By R. Andrew Chesnut
For over 4 centuries the Catholic Church loved a non secular monopoly in Latin the US during which capability opponents have been repressed or outlawed. Latin americans have been born Catholic and the sole selection that they had was once no matter if to actively perform the religion. profiting from the criminal disestablishment of the Catholic Church among the past due 1800s and the early 1900s, Pentecostals nearly single-handedly outfitted a brand new pluralist non secular economic system. by way of the Fifties, many Latin americans have been loose to choose between one of the hundreds of thousands of obtainable spiritual "products," a dizzying array of spiritual thoughts that diversity from the African-Brazilian faith of Umbanda to the hot Age staff often called the Vegetable Union.R. Andrew Chesnut indicates how the advance of non secular pluralism during the last half-century has greatly reworked the "spiritual economic climate" of Latin the US. for you to thrive during this new non secular economic system, says Chesnut, Latin American religious "firms" needs to strengthen an enticing product and know the way to put up for sale to renowned shoppers. 3 non secular teams, he demonstrates, have confirmed to be the main expert opponents within the new unregulated non secular economic system. Protestant Pentecostalism, the Catholic Charismatic Renewal, and African diaspora religions reminiscent of Brazilian Candomble and Haitian Vodou have emerged because the such a lot ecocnomic spiritual manufacturers. Chesnut explores the final results of a unfastened marketplace, reminiscent of advent of shopper style and product specialization, and indicates how they've got performed out within the Latin American context. He notes, for instance, that girls make up the vast majority of the non secular patron marketplace, and explores how the 3 teams have built to fulfill women's tastes and personal tastes. relocating past the Pentecostal increase and the increase and fall of liberation theology, Chesnut offers a desirable portrait of the Latin American non secular panorama.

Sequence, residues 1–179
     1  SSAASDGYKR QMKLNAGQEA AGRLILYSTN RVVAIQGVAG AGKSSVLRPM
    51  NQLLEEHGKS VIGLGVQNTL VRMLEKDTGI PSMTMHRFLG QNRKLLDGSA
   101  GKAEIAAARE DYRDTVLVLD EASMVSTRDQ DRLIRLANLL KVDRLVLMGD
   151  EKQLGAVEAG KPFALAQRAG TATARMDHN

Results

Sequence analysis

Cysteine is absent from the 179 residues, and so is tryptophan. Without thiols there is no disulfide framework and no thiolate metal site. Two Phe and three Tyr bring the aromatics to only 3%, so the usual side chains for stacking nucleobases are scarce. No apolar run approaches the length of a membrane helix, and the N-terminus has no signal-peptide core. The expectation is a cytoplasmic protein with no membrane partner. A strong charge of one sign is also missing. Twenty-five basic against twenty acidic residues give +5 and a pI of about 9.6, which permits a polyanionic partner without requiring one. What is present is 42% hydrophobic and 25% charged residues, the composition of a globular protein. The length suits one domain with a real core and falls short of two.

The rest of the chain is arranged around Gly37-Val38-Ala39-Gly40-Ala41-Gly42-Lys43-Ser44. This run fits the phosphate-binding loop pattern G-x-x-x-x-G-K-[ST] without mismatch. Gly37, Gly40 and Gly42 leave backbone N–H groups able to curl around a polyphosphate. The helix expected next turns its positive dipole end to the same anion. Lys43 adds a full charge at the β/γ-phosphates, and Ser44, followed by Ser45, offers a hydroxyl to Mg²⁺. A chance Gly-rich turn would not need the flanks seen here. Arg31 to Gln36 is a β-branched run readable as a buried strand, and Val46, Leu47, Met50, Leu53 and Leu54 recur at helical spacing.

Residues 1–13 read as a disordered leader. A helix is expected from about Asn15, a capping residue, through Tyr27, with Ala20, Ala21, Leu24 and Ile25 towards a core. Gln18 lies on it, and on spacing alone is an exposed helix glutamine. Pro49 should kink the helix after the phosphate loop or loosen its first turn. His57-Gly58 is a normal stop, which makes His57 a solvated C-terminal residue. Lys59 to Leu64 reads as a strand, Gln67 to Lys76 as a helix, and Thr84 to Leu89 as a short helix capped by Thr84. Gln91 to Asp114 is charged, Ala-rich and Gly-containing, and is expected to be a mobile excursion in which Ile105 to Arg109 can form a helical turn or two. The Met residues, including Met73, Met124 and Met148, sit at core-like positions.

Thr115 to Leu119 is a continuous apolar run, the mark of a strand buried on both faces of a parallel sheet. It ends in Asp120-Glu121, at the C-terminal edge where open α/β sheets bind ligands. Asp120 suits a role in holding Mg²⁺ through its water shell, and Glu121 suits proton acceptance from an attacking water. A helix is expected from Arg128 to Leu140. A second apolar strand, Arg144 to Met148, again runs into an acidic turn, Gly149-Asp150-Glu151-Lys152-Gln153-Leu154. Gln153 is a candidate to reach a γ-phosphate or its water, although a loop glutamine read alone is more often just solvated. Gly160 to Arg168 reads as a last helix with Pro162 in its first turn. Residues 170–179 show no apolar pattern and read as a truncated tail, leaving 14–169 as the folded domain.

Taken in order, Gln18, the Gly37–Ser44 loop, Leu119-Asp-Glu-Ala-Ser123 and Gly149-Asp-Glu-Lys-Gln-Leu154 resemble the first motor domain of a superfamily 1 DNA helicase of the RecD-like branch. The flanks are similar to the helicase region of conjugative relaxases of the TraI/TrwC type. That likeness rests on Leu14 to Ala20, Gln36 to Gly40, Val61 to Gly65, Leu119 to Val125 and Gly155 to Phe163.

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Additional resources for Competitive Spirits: Latin America's New Religious Economy
Indeed, this is especially the case due to the Romanization process, which began during One True Faith 31 the second half of the nineteenth century and refashioned the Latin American churches into more standardized and homogeneous institutions that operated along Roman lines, as opposed to Iberian models. The roughly seven-decade era of church history can be divided into two periods. The ﬁrst half-century after disestablishment is one of institution building and modus vivendi with the state. After the trauma of losing its state-secured monopoly, the Catholic Church focused on fortifying the weakened institutional ediﬁce and continued to lobby governments for support.
In that it sought to prevent the circulation of potentially subversive ideas, the Inquisition constituted the opposite side of the ecclesiastical coin of knowledge control. In other words, as Jesuit brothers imparted sacred and secular knowledge that would fortify Catholdom, inquisitors attempted to censor information that was viewed as threatening to the church’s privileged social, political, religious, and economic position. King Philip II exported the Holy Ofﬁce to Spain’s American colonies in 1570 and 1571 when the ﬁrst Tribunals were established in Lima and Mexico City, respectively (Mecham 34).
Much more than Charismatic Catholicism, which emerged among university students and professors (see chapter 4 in this volume), Pentecostal doctrine and worship reﬂect the Weltanschauung and aesthetics of the popular classes in Latin America. Here there are no seminary-trained priests who make a (self-)conscious decision to opt for the poor. Rather, there are mostly poor and uneducated Pentecostal preachers who minister easily to their impoverished brethren. Hence, the huge educational gap that often separates Catholic clergy from their humble parishioners rarely exists in Pentecostal churches.
Competitive Spirits: Latin America's New Religious Economy by R. Andrew Chesnut